[3] John 10:30
[4] Colossians 1:15
[5] Comforter, Encourager or Counselor.
[6] 1 Corinthians 3:16

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Thanksgiving Activity Guide

No matter what’s going on in your life and the world around you, Thanksgiving is a time to pause and point our hearts in the direction of thankFULLness. We’ve put together a great resource for families full of inspiring stories, conversation starters, and activities to calibrate our hearts to a biblical attitude of gratitude.

Enjoy this great FREE activity guide that helps us focus on what we DO have instead of what we don’t.

Download your Thanksgiving activity guide here!

Related:

HELP KIDS GO FROM COMPLAINING TO CONTENT IN 60 SECONDS
6 WAYS TO ACTIVELY SHOW THANKFULNESS
HOW TO HAVE A DAY OF REST WITH YOUR KIDS

Honor Your Child’s Positive Character Traits

Parents, what are you doing to honor the positive character traits you see in your child/ren?

Whether they are brave enough to voice it aloud, or if it’s the question that runs silently through their minds, every grade-school boy and girl wonders: “Am I good enough?” … “Am I good enough for my parents? For my teacher and friends?”

The way they answer this question will shape their confidence for years to come. Child development by definition is the process of growth. And as parents, we have the main responsibility in guiding and informing that process.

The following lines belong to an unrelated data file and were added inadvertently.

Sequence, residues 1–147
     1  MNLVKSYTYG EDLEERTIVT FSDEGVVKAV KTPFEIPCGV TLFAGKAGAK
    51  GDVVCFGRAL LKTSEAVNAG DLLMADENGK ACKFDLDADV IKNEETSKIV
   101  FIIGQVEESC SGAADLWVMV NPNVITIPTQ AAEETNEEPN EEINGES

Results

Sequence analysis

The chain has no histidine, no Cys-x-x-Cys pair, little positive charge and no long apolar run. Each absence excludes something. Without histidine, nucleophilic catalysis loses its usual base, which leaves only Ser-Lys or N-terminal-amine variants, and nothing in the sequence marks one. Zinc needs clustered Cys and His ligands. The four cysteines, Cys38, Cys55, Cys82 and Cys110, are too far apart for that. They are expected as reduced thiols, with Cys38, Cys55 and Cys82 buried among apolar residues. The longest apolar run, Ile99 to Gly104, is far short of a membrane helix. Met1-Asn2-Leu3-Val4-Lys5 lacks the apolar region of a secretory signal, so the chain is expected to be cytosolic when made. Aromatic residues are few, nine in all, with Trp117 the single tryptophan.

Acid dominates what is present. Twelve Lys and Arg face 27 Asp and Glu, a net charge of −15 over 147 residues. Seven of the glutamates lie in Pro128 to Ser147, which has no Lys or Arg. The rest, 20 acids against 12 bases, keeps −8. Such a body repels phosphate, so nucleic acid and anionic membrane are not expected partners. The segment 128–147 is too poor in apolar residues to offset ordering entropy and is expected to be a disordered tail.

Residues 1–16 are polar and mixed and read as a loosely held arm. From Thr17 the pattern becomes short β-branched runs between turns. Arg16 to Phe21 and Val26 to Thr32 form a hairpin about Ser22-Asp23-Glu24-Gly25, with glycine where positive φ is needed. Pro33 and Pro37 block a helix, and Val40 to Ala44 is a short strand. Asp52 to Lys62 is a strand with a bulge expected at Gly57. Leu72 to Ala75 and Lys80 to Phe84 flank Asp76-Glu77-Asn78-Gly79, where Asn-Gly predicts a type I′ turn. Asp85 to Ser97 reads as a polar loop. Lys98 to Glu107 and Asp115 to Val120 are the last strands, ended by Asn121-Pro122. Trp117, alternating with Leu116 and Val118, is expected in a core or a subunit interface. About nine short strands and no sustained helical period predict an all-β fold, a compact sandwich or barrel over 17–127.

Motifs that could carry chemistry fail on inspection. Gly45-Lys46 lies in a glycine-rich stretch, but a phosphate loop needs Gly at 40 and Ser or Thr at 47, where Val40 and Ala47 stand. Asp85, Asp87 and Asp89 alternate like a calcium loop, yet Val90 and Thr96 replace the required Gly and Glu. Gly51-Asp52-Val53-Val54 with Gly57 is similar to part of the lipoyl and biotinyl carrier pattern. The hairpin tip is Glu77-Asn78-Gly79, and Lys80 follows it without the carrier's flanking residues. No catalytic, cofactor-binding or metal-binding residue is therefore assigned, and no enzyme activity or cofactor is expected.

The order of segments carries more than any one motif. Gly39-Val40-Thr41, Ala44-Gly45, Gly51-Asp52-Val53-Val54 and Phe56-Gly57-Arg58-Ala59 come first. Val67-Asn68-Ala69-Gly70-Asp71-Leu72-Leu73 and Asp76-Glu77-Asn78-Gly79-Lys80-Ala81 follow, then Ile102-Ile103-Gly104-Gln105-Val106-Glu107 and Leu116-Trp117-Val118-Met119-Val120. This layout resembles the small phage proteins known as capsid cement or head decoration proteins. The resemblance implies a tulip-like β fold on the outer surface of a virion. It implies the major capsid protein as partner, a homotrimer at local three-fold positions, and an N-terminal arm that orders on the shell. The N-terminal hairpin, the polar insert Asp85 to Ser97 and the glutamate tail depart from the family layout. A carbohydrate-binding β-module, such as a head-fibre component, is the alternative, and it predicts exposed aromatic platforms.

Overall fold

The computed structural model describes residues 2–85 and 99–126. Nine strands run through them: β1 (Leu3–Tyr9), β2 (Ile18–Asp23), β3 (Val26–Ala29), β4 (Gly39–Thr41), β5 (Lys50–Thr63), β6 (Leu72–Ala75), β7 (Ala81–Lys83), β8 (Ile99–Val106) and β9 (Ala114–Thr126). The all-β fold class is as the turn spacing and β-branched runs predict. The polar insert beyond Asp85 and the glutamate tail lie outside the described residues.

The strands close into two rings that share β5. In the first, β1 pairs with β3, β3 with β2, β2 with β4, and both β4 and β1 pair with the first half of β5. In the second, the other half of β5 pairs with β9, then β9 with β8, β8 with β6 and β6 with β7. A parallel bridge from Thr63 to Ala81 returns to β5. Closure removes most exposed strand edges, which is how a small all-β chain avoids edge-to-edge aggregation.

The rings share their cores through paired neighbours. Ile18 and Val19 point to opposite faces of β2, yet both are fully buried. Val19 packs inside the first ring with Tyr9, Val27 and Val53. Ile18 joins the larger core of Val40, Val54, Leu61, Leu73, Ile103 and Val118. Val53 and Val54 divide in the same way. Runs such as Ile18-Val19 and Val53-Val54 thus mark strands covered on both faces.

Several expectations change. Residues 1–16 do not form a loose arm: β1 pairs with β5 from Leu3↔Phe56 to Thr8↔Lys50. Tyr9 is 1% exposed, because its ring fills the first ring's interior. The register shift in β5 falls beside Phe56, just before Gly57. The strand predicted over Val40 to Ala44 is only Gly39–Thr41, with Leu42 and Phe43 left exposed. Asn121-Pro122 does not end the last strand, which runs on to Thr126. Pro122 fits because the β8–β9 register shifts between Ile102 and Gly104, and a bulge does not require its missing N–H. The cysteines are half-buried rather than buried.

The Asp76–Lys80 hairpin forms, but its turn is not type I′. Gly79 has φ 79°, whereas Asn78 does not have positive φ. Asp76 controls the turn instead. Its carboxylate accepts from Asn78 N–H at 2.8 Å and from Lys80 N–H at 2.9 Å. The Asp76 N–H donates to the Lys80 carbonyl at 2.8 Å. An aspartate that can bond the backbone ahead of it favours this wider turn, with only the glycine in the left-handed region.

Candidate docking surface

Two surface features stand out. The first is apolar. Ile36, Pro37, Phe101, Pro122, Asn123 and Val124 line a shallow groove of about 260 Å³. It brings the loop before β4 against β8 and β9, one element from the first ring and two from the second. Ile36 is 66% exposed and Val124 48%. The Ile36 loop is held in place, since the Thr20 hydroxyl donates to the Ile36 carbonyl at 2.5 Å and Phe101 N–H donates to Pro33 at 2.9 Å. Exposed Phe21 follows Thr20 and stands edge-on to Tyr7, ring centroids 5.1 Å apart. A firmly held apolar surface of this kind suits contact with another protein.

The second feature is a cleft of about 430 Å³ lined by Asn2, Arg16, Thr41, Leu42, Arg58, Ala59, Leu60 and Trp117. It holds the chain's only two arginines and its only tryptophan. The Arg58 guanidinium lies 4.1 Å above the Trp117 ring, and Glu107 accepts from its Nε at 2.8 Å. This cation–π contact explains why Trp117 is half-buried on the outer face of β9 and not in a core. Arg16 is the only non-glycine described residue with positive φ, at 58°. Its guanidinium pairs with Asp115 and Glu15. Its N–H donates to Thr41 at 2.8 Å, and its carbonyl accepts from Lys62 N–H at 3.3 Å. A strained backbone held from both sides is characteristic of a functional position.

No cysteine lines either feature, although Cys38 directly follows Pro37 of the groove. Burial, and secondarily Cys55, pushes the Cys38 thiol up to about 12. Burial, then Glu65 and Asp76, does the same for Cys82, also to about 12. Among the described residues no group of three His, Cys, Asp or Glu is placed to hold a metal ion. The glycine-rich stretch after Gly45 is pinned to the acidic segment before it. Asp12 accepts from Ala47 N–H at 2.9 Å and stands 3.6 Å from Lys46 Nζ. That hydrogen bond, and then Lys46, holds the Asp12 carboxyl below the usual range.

Proverbs 31 begins with

“The sayings of King Lemuel – an inspired utterance his mother taught him” (Proverbs 31:1)

King Solomon, the wisest man who ever lived, held dearly in his heart and into his old age the words his mother had spoken to him throughout his life.

If we would see the power our words have over our children, and if we answered their silent cry with a, “yes, you are more than good enough!” there is no limit to the good that would fill their young souls!

The challenge at times is the need for genuine words. Children of this era desire truth and can see right through hypocrisy. I realized this when in praising my “special” eight-year-old son he replied, “Thanks mom. But aren’t we all special?” Stunned at his wisdom I began to describe what about him was special and was forced (in a good way) to articulate his uniqueness and positive qualities. I saw relief in his eyes. He understood I truly meant it when I called him special. I, too, was relieved and was enjoying a “proud mommy moment,” until my younger daughter who was listening asked, “And what about me?”

What makes Proverbs 31 a commonly cited passage of Scripture is the specifics it provides. It describes the character of a noble wife in every unique area – family, work and spirituality. It doesn’t just call her “noble,” it articulates the how, when and where and paints a clear picture about her.

This is what our children long to know – the specifics and uniqueness about them that we as parents have the front row seat in discovering and identifying. And when we voice it to them with authority and love, we shape a healthy esteem and sense of purpose.